Sometimes we have ideas which are great, but which don't happen because of a variety of reasons: we feel we lack of time or expertise; we only have part of an idea; our idea is basically good, but limited by our thinking; we feel we 'have' to do it all ourselves and not ask for help.
If you have ever found a project stalling before it starts for any of these reasons, collaboration is a fabulous opportunity for people to come together to share their expertise, enthusiasm and commitment to a project.
Collaboration can get you working with people with complementary skill sets and extended networks. Projects having access to cross disciplinary approaches can by virtue of resources expand into something more ambitious. It can make a project or group seem more credible or professional, and/or extend its' reach.
People bringing different ways of thinking together to reach a shared goal or vision can open up unlimited possibilities of innovative ideas and solutions. They can engender change in the project, the group and the individual. Working together as a team inspires motivation for those days when we need a little extra kick to get us going. Collaboration can also be, dare I say it, fun!
There are many ways to discover new potential collaborators, such as finding each other via support networks like Creative Hubs or Devoted and Disgruntled, or organically from talking with people. The key is to be listening out at all times for people who seem to be on your wavelength, have shared interests and similar vision and to be open to possibility.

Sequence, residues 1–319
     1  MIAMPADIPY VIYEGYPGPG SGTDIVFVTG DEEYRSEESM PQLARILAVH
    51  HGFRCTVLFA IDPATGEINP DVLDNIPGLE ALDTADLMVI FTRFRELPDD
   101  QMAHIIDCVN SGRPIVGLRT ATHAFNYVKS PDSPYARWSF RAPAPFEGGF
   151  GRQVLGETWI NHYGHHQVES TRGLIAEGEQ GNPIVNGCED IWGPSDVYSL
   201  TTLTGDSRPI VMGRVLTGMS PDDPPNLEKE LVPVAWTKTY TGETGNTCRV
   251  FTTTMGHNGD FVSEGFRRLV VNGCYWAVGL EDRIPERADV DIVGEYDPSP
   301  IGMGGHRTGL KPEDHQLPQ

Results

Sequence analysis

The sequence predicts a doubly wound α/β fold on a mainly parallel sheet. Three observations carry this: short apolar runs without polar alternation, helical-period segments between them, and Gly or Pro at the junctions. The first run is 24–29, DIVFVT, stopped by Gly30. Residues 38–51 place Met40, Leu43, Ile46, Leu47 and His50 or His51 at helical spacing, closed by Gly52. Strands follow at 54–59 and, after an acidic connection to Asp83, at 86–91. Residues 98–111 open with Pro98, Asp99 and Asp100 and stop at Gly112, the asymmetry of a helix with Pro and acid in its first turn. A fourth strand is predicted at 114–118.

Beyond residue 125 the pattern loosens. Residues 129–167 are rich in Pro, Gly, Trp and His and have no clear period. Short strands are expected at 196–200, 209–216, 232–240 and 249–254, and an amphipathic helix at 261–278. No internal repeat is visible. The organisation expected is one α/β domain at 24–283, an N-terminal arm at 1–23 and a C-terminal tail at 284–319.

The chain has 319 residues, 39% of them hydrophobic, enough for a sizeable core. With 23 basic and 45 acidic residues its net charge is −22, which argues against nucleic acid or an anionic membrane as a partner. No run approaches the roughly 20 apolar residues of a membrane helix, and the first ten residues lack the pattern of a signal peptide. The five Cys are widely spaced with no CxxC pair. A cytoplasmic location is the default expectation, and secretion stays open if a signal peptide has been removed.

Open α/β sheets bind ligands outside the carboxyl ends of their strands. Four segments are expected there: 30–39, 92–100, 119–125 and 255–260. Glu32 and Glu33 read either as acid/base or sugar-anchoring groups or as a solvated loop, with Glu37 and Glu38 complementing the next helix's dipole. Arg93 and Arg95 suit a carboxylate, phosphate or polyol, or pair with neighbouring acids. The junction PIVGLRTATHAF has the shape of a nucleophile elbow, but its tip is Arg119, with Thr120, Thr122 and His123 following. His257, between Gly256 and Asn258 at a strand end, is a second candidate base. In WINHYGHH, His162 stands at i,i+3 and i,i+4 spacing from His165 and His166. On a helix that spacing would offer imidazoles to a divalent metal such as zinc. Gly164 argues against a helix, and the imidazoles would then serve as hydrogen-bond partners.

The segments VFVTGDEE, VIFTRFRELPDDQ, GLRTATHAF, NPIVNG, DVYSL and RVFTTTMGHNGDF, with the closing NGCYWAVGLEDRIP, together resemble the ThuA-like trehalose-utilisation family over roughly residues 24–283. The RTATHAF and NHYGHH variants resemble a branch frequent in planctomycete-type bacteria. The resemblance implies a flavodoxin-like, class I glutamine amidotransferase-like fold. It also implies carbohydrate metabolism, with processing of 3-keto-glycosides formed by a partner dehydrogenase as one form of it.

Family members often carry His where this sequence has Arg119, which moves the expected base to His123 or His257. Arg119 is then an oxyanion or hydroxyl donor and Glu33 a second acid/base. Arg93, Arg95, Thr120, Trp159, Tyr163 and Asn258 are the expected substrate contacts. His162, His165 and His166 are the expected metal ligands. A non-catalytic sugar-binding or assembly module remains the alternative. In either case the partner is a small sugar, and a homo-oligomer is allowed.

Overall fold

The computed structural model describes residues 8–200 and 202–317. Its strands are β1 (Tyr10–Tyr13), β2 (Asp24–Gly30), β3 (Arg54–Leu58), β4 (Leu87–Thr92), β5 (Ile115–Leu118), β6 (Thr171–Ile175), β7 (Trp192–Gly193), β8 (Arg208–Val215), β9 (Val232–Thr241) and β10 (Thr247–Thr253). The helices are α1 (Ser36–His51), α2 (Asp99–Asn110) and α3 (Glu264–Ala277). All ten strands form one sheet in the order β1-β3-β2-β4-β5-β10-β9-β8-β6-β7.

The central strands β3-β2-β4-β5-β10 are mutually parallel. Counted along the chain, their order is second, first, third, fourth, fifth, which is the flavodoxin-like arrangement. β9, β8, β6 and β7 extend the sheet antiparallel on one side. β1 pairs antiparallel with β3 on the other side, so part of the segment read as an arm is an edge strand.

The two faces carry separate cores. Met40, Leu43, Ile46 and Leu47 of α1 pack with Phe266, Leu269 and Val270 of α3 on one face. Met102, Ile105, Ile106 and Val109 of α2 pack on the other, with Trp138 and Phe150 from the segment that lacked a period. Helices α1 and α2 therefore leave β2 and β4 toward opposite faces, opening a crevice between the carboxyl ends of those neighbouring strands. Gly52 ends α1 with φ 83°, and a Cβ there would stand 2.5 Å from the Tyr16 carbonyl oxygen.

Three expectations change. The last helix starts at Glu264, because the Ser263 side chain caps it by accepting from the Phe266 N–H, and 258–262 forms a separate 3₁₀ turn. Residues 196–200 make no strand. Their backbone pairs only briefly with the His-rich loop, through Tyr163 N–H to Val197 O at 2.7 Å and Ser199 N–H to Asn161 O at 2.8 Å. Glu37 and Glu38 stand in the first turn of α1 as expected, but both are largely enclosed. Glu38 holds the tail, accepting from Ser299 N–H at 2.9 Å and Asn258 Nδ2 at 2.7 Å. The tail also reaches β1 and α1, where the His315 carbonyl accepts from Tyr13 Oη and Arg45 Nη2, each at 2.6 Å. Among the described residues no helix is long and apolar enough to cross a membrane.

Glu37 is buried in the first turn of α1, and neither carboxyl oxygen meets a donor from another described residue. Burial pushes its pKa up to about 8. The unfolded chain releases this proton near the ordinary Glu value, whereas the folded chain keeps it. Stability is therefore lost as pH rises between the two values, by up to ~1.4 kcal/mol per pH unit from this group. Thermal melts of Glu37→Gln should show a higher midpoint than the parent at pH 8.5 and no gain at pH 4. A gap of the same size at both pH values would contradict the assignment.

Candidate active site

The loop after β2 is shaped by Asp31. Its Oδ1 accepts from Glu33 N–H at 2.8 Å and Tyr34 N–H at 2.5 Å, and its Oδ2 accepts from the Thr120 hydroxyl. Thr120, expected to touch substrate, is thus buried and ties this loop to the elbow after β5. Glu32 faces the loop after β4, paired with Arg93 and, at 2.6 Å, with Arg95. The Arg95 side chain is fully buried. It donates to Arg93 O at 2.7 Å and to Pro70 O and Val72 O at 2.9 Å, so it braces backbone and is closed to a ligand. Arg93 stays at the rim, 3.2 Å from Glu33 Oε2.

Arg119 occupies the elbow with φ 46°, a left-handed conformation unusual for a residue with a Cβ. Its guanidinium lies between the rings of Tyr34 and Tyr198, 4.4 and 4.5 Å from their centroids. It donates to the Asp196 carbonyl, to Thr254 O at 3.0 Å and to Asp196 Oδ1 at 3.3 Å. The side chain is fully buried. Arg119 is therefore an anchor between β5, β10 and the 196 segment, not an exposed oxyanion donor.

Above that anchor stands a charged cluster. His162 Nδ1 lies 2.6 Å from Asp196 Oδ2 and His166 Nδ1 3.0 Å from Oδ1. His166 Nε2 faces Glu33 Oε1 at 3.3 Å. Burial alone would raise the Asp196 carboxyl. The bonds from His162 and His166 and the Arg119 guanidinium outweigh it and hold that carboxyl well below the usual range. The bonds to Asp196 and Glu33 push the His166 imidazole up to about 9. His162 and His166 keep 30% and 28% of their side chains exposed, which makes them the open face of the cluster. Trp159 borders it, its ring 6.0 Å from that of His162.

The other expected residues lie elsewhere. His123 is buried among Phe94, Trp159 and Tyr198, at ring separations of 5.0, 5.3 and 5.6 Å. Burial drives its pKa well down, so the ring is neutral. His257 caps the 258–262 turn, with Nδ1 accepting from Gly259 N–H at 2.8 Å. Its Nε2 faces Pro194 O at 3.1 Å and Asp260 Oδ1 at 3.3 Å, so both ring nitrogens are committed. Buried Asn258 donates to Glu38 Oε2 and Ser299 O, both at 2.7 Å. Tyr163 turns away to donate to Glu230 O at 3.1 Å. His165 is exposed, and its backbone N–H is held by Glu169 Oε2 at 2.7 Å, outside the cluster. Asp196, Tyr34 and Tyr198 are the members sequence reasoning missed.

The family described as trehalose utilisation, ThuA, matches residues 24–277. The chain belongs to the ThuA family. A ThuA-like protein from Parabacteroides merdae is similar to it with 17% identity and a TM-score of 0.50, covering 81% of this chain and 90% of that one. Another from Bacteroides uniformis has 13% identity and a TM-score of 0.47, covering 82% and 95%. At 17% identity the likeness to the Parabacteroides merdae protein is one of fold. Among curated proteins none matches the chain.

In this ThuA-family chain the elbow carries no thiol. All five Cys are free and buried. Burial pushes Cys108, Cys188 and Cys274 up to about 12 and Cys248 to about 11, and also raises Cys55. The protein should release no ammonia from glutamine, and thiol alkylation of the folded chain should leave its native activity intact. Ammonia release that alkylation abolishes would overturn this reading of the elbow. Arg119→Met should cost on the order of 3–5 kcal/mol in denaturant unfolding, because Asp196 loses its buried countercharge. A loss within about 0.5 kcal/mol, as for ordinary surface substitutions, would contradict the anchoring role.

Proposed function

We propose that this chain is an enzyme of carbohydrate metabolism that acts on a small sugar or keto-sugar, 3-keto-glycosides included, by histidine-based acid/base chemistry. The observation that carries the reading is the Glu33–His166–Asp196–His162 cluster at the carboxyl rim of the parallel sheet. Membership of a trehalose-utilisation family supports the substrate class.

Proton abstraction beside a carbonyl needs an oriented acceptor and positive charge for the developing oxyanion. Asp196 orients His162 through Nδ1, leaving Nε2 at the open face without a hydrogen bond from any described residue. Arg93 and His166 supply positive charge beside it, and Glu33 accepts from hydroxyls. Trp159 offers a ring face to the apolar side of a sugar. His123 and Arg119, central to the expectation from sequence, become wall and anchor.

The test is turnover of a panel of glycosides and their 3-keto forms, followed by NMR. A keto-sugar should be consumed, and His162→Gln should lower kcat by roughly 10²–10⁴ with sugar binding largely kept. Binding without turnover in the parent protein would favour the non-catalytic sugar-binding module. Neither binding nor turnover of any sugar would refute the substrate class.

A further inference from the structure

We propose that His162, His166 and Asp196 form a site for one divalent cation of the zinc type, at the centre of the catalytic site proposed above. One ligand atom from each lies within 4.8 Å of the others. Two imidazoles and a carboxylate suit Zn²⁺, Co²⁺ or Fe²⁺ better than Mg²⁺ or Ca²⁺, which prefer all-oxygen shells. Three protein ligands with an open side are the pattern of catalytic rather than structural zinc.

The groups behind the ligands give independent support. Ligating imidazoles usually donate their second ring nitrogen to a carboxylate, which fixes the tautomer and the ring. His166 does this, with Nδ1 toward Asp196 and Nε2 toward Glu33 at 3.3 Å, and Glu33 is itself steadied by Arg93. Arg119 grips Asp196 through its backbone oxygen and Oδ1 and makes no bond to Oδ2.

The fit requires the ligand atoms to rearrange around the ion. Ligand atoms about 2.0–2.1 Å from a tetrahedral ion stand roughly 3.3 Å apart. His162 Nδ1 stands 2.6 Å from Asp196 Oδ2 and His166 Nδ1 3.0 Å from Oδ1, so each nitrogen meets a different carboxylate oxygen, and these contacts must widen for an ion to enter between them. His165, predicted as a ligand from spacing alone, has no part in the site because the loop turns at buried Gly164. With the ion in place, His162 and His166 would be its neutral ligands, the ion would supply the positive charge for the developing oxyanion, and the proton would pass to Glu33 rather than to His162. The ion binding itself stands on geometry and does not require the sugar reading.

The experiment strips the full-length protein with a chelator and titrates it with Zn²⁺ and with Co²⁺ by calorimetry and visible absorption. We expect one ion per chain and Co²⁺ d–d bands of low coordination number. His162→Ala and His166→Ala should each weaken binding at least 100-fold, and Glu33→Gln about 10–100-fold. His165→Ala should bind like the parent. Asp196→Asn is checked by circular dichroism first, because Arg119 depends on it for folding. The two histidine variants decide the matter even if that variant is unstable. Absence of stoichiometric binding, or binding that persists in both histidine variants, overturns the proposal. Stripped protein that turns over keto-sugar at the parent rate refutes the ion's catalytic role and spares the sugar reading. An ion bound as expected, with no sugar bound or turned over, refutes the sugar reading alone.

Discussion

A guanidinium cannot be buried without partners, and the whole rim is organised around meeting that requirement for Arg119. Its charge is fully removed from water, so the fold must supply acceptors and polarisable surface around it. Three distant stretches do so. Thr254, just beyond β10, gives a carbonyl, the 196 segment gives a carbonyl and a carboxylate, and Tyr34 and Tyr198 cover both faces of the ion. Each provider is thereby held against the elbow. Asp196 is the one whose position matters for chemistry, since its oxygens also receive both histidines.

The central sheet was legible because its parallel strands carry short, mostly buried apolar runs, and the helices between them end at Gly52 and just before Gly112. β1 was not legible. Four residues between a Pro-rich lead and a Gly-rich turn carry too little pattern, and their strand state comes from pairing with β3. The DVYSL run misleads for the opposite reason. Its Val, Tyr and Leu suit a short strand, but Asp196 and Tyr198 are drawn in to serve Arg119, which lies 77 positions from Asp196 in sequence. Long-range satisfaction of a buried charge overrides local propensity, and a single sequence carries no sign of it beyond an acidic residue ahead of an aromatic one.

How you collaborate, especially in this technological age, is now completely open. I work with clients face to face, over the phone, by Skype and by email. I know a couple who are collaborating on a musical project over the net with the composer in Thailand and the lyricist in Aberdeen. And there is always a place for people to be together in a room kicking ideas around.
In my extensive professional life, my best experiences have been those where I was an active part of a collaborative project, bringing my skills to the group to give others the freedom to fly. A recent example of this was the Crystal Wedding Lounge, where I brought people with a shared interest together, who then designed their own group goal bringing together their combined knowledge to create a regular event, with the next one on 3rd March.
For a great insight into collaborative working, check out The Collaborative Habit by Twyla Tharp, detailing her collaborations with Billy Joel, Jerome Robbins, Mikhail Baryshnikov, Bob Dylan, Elvis Costello, David Byrne, Richard Avedon, Milos Foreman, Norma Kamali and Frank Sinatra. It is a fascinating read of Ms Tharp’s projects, but also a great guide on how to manage and be an effective part of a collaboration.
If you want to find out if collaborating in a coaching partnership will support you, check out how we could work together and get in touch.